March 26, 2003

 

Flaming Guns
of the Purple Sage

reviewed by
Lynn Trenning

 

 

 

 

 

 

 

 

For more about Lynn Trenning, please visit her main page.

For more about Actors Theatre of Charlotte, please visit actorstheatrecharlotte.org.

Beginning with the breakfast scene where former Rodeo Queen Big 8 serves bacon, eggs, and Bud Light, Flaming Guns of the Purple Sage, proves a solid anecdote for gloom and doom. Through a loveable cast of twisted characters, playwright Jane Martin spoofs rodeo queens, bad guys, true love and grotesque crime.

Big 8, played with homespun verve by Pam Hunt-Spradley, has money troubles and a skill for healing young cowboys in return for a little loving. Rob Bob is her latest patient. Long and lanky, and a true believer in "the good guys always win" philosophy, Rob Bob is overcome by love at first sight when a female desperado named Shedevil appears at the doorstep on a dark and rainy night. Shedevil has hair the color of "throwed up strawberry milkshake," and is pierced more often than a colander. She is seeking refuge from her former boyfriend, a one-eyed Ukrainian Hells Angel. Sharing in the action is Big 8ís sister Shirl, who works as a butcher at the local slaughterhouse.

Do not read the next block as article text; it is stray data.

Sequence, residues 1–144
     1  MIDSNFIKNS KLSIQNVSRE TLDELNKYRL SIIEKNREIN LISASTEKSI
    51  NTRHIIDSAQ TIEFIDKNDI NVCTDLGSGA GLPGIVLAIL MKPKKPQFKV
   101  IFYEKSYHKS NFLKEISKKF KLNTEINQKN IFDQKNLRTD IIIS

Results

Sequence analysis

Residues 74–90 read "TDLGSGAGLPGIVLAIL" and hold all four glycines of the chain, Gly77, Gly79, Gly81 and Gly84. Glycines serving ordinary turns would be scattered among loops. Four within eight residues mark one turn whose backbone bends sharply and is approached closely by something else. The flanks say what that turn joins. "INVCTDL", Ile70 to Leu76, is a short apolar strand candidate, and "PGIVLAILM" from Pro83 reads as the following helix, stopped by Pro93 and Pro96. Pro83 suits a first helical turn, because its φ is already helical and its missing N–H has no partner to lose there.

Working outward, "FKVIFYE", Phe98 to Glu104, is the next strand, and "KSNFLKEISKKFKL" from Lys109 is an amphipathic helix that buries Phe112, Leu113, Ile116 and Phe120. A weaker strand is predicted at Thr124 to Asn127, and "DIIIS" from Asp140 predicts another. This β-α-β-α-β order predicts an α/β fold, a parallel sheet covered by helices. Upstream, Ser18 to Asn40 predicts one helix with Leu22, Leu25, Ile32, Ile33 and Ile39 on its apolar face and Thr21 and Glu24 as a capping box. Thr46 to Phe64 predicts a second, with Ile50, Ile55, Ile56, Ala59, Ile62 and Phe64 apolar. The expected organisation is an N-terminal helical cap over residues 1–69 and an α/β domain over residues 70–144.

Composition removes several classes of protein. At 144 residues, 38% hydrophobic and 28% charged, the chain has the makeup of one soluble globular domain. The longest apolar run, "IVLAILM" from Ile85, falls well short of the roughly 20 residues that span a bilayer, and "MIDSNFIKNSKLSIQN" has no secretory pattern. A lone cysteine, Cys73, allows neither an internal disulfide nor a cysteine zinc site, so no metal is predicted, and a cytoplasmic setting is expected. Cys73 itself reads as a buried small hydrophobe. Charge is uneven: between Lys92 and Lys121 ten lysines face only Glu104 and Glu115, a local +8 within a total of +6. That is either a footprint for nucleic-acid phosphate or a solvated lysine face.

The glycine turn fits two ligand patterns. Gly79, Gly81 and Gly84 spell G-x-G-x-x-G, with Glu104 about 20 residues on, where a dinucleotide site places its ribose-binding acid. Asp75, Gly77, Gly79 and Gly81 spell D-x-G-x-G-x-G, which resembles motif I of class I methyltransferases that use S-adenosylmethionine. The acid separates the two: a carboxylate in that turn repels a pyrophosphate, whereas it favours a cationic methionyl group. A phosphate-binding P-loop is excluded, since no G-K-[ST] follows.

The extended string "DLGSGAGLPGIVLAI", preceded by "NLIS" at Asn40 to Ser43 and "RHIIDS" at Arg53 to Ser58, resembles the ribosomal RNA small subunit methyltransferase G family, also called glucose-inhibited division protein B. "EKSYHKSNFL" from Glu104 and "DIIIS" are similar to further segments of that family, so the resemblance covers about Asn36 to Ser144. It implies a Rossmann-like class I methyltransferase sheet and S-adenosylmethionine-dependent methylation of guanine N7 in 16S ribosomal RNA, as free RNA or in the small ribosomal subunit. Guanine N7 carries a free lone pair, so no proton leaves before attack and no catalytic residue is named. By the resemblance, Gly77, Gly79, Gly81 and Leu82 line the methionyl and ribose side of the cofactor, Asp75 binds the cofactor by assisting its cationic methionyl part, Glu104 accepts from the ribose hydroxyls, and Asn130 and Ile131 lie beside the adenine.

With a skill set like this, anything can happen, and it does. The story progresses from inanity to the side-splittingly macabre. As Shedevil, Johanna Jowett steals the audienceís eye with a nonstop series of twitches, tics and spasms. Her accent strays from southern to demented to Midwestern, perhaps intentionally. She is cunning and wretched, but to Rob Bob she is vulnerable, and therefore worthy of protection. Wearing a belt buckle the size of a coaster, and spouting his favorite line "Darn and Doodle," actor Nathaniel Gaw lends more corn than Kansas to his roll as a potential big-hearted hero. As big-chested Shirl, Polly Adkins supplements the comedy with a hearty dose of common sense and warped humor.

The second act is full of funny lines, but the introduction at the height of the crime of Baxter Blue (Craig Spradley) as Shirlís boyfriend could use some polishing. Farce requires a display of sincerity that isnít consistently maintained by all of the characters as the story became more complicated and ludicrous. Tighter pacing would improve the action, and increase the audienceís response to a repetitive device.

The play is full of small amusements and big laughs. Included in the soundtrack are country and bluegrass versions of Foreignerís "Feel Like Making Love," and AC/DCís "Back in Black." There is an aisle-rocking scene involving a jockstrap, a holster and a lot of loose Cheerios that Iíll remember for a long time. "Itís been real interesting for a Monday," notes Big 8 as she finishes mopping up the kitchen.

Lynn Trenning, March 26, 2003

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